TBI 2Gy (n = 14)

GvHD prophylaxis


15 (range 5–23)


II: 71


Extensive: 47




1 unconditioned PBSC for slipping myeloid chimerism

1 conditioned HCT for persistent thrombocytopenia

1 DLI for low donor CD4 and CD8 chimerism

1 conditioned HCT for graft failure

5 mixed chimerism

8 full donor chimerism

Antibody-based conditioning

  Schulz, 2011 [44]


14 non-malignant



2 Hyper IgM

2 other PID

4 H-globinopahty

7.5 (range, 1–20)





8 marrow



90Y-labeled anti-CD66 antibody at Day −14

Fludarabine 160 mg/m2

Melphalan 70-140 mg/m2

ATG for mismatched donor and unrelated donor



II: 36


limited, n = 2

extended, n = 3



n = 1


9 had 100% chimerism

2 had mixed chimerism

  Straathof, 2009 [24]




1 MHC class II def.




1 Ligase 4 def.

1 CD40 ligand def.

2 Other PIDs

0.7 (range, 0.4 to 11.4)




40 marrow


1 PBSC + marrow

17 CB

Anti-CD45 1.6 mg/kg (day − 5 to − 2)

Flu 150 mg/m2

Alemtuzumab 0.3 to 0.6 mg/kg

GvHD prophylaxis


9.5 (range 1–15)


II–IV: 38

III–IV: 19





1 s HCT

Median myeloid: 100% (range, 41–100%)

Median lymphocyte: 100% (range, 54–100%)

primary, secondary, aGvHD acute graft-versus-host disease, ALG antilymphocyte globulin, ATG anti-thymocyte globulin, AUC area under curve, BM bone marrow, BU busulfan, CB cord blood, CGD chronic granulomatous disease, cGvHD chronic graft-versus-host disease, CSA ciclosporin, def deficiency, DLI donor lymphocyte infusion, ES engrafted survival, Flu fludarabine, H-globinopathy hemoglobinopathy, HID haploidentical donor, HLH hemophagocytic lymphohistiocytosis, IMD inherited metabolic disease, IQR interquartile range, MMF mycophenolate mofetil, MMRD mismatched related donor, MMUD mismatched unrelated donor, MSD matched sibling donor, MUD matched unrelated donor, MTX methotrexate, N neutrophil, NA not available, OS overall survival, PID primary immunodeficiency diseases, SCID severe combined immunodeficiencies, Treo treosulfan, TT thiotepa, vs versus, WAS Wiskott-Aldrich syndrome, WB whole blood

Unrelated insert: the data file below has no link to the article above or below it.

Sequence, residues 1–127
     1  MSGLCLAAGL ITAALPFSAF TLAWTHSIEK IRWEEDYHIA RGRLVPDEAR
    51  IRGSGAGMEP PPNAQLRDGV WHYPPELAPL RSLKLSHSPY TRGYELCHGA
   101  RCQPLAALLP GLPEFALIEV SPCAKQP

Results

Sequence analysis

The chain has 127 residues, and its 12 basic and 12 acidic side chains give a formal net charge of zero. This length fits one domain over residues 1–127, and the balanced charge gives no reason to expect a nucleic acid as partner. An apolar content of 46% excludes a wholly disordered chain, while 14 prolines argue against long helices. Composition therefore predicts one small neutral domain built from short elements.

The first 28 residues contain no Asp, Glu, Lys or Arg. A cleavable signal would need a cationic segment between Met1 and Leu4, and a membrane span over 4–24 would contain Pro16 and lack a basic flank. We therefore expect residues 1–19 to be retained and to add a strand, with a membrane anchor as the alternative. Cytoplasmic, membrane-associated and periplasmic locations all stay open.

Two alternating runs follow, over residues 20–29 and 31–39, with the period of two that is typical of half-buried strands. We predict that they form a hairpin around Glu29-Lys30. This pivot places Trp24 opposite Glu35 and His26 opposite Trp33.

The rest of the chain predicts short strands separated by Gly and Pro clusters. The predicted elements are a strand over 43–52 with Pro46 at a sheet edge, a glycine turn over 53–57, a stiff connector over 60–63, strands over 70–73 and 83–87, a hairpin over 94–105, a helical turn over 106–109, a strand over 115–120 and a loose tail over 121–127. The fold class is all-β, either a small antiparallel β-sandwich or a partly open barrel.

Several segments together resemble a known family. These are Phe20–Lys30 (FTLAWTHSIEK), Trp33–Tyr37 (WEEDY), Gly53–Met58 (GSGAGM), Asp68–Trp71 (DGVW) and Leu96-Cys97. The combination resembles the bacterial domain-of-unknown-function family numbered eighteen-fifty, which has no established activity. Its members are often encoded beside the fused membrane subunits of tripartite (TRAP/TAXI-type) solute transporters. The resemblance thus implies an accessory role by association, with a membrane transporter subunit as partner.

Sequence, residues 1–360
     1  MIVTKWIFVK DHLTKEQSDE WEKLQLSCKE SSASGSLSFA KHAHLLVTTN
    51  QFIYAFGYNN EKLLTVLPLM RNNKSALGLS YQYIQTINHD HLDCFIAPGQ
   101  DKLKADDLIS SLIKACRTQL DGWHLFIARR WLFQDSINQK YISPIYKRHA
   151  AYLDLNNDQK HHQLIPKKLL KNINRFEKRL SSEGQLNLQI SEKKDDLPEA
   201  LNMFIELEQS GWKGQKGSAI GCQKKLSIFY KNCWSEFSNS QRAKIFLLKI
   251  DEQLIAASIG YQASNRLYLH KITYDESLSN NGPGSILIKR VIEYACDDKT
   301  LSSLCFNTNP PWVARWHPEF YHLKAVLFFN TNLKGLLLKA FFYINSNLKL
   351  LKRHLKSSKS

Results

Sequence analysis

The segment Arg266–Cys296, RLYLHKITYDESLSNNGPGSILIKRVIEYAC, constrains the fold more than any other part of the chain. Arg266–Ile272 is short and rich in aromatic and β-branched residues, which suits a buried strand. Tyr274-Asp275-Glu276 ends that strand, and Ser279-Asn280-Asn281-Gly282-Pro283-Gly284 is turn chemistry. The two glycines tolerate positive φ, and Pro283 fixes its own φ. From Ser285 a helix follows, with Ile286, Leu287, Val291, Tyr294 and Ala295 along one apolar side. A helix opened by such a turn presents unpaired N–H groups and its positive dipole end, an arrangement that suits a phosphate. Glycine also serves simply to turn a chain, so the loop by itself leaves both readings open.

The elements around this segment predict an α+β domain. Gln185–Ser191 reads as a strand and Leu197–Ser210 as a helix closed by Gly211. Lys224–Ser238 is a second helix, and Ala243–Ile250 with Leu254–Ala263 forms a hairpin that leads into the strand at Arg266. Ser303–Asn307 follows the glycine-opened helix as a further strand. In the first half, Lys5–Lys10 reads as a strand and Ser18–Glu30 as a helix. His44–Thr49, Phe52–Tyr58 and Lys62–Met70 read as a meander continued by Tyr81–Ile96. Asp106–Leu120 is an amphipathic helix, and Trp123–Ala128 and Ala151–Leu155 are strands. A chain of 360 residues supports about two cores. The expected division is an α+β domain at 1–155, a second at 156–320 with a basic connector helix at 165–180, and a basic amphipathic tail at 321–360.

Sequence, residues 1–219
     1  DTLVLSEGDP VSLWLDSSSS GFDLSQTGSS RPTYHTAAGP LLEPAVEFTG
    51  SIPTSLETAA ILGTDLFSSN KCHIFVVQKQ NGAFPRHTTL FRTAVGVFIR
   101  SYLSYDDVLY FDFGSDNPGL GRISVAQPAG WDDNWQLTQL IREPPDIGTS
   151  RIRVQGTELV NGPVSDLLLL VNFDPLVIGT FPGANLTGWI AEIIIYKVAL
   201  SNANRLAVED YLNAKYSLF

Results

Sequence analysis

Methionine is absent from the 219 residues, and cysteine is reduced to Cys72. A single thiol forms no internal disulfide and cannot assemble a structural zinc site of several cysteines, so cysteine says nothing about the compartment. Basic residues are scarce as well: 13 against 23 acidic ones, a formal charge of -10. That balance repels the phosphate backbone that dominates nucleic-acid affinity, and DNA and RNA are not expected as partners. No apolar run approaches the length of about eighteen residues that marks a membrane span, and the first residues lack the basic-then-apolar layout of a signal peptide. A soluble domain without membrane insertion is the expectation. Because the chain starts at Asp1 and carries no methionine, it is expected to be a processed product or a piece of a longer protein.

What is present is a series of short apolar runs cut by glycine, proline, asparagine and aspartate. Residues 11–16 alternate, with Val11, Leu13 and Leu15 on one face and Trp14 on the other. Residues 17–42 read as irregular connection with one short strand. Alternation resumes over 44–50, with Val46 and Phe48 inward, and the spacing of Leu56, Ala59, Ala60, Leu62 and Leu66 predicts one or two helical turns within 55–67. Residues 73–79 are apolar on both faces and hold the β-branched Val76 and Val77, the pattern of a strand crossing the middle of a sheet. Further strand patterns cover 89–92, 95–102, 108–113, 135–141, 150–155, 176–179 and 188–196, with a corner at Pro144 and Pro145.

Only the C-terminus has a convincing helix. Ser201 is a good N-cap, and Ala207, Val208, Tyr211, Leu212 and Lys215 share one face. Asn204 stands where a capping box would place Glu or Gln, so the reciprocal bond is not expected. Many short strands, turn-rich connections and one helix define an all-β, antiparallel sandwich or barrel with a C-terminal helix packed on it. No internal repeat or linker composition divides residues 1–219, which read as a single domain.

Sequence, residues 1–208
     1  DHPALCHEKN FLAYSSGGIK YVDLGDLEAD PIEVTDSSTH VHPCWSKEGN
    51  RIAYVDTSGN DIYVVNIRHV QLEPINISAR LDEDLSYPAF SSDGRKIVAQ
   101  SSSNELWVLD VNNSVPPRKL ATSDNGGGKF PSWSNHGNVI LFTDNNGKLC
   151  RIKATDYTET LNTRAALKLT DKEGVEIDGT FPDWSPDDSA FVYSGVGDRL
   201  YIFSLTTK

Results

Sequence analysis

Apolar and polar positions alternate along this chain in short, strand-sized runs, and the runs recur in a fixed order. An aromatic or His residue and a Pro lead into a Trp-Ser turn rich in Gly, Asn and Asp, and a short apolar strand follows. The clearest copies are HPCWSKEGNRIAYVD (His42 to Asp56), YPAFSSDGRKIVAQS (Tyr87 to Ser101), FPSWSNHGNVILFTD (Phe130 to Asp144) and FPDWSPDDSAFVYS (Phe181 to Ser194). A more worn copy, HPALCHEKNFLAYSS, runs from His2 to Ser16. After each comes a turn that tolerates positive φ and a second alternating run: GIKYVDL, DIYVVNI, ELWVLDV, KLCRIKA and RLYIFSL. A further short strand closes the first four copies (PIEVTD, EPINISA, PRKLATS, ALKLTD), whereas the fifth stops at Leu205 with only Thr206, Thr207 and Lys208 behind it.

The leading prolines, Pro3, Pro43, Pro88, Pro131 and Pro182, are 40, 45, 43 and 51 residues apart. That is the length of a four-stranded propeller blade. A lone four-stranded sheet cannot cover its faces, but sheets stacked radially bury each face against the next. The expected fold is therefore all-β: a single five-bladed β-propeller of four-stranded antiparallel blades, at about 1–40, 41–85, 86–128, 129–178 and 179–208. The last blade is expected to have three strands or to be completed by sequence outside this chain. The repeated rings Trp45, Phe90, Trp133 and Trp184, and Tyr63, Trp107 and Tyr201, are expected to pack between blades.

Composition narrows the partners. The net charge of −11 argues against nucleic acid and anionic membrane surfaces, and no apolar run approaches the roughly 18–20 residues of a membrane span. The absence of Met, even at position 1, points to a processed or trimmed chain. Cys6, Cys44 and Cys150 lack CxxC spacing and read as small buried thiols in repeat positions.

Fludarabine and Treosulfan

Treosulfan (L-treitol-1,4-bis-methanesulfonate) is a prodrug and a water-soluble bifunctional alkylating agent which has been used for many years as treatment for various neoplasms, but more recently as part of conditioning for HSCT. In addition to myeloablative properties, it has marked immunosuppressive properties which contribute to the achievement of stable engraftment posttransplant. It causes relatively low organ toxicity compared to high-dose busulfan and cyclophosphamide leading to fewer complications such as veno-occlusive disease of the liver.

The first successful allogeneic transplant in a child using treosulfan was performed in 2000 and since then many reports have confirmed its efficacy and safety in both malignant and non-malignant disorders [11••, 12•, 13, 14•, 15, 16, 17, 18]. Slatter et al. first published results of 70 children with PID who received treosulfan in combination with either cyclophosphamide (n = 30) or fludarabine (n = 40) with an overall survival of 81% (median follow-up 19 months) equivalent in those aged less or greater than 1 year at time of transplant [13]. Toxicity was low but worse after cyclophosphamide, and T cell chimerism was significantly better after fludarabine [18]. Slatter et al. more recently reported 160 patients who had received conditioning with treosulfan and fludarabine achieving a probability of 2-year survival of 87.1% with a high level of complete or stable mixed chimerism in the diseased cell lineage, sufficient to cure disease [11••]. There was a high survival rate in children transplanted under 1 year of age in whom toxicity can be a problem with conventional and other reduced intensity conditioning regimens [24, 25]. A 100-day survival of 94% demonstrated the low toxicity of this regimen making it suitable for patients with PID who often have infection and organ damage prior to HCT. In this series, a higher level of myeloid chimerism was found in recipients of PBSC compared to CB and BM, without an increased risk of grade III/IV acute or chronic graft-versus-host disease (GvHD). This highlights the importance of the whole transplant package including stem cell source and serotherapy when tailoring therapy [26].